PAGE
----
Cardiac catheterization Cardiac Catheterization Cardiac catheterization is the passage of a catheter through peripheral arteries or veins into cardiac chambers, the pulmonary artery, and coronary arteries and veins. Cardiac catheterization... read more , indicated only for perioperative assessment of coronary artery disease (CAD) before surgical repair, can confirm elevated LA and pulmonary artery pressures, mitral gradient, and valve area.
Treatment of Mitral Stenosis
Diuretics and sometimes beta-blockers or calcium channel blockers
Sometimes anticoagulation for atrial fibrillation
Commissurotomy or valve replacement
Asymptomatic patients with mitral stenosis require no treatment other than appropriate prophylaxis against rheumatic fever Antibiotic prophylaxis Rheumatic fever is a nonsuppurative, acute inflammatory complication of group A streptococcal pharyngeal infection, causing combinations of arthritis, carditis, subcutaneous nodules, erythema... read more recurrence. Surveillance with serial TTE is important, because RV enlargement and rise in RV systolic pressure can occur without patients noticing a change in functional state and without a decrease in mitral valve area. Early intervention may relieve pulmonary hypertension before it becomes permanent.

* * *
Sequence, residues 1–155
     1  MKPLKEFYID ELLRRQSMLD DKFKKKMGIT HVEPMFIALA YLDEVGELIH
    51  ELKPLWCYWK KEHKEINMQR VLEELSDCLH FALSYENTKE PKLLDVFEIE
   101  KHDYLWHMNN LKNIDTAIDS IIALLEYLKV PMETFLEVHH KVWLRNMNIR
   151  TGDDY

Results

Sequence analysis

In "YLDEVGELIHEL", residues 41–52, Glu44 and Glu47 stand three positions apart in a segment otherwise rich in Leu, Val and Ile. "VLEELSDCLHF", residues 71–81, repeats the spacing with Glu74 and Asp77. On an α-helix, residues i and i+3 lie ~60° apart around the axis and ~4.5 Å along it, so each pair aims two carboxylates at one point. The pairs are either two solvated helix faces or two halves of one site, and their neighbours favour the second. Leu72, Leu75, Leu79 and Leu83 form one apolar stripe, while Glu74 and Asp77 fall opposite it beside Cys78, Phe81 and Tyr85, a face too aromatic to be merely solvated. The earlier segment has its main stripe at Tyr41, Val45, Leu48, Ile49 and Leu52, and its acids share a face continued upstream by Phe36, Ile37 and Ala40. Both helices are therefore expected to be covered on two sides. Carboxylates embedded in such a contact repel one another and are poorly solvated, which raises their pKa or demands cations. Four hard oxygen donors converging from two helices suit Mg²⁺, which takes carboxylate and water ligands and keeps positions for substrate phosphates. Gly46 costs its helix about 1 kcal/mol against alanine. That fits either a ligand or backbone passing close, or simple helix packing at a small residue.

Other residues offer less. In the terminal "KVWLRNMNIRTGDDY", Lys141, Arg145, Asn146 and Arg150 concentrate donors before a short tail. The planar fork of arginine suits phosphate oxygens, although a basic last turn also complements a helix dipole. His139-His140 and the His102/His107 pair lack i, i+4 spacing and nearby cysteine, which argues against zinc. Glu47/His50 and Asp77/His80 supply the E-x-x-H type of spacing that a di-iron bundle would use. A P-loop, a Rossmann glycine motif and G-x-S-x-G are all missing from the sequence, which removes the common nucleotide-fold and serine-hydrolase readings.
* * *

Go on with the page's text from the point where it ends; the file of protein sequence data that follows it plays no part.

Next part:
Mildly symptomatic patients usually respond to diuretics and, if sinus tachycardia or atrial fibrillation is present, to beta-blockers or calcium channel blockers, which can control ventricular rate.
Anticoagulation with a vitamin K antagonist (not a direct-acting oral anticoagulant [DOAC]) is indicated to prevent thromboembolism if patients have or have had atrial fibrillation, embolism, or a left atrial clot. Extended restoration of sinus rhythm is rarely possible. Anticoagulation may be considered in the presence of dense spontaneous contrast or an enlarged left atrium (M-mode diameter > 50 mm) because these findings are associated with thromboembolism, although anticoagulation for these patients has not been studied. All patients should be encouraged to continue at least low levels of physical exercise despite exertional dyspnea.
Antibiotic prophylaxis against endocarditis is no longer recommended except for patients who have had valve replacement (see table ).
Timing of intervention
Moderate mitral stenosis intervention may be indicated when cardiac surgery is required for other indications. Patients who are symptomatic and have exercise-induced mean transmitral gradient > 15 mm Hg or pulmonary capillary occlusion pressure > 25 mm Hg may be considered for percutaneous balloon commissurotomy.
Severe mitral stenosis intervention is indicated when any symptoms are present if the valve is suitable for percutaneous balloon commissurotomy (may be considered in asymptomatic patients if pulmonary pressure is > 50 mm Hg or there is new-onset atrial fibrillation). Cardiac surgery is pursued only when symptoms are severe and for patients who are not candidates for percutaneous balloon commissurotomy, require other cardiac operations, or do not have access to the percutaneous procedure.
Choice of intervention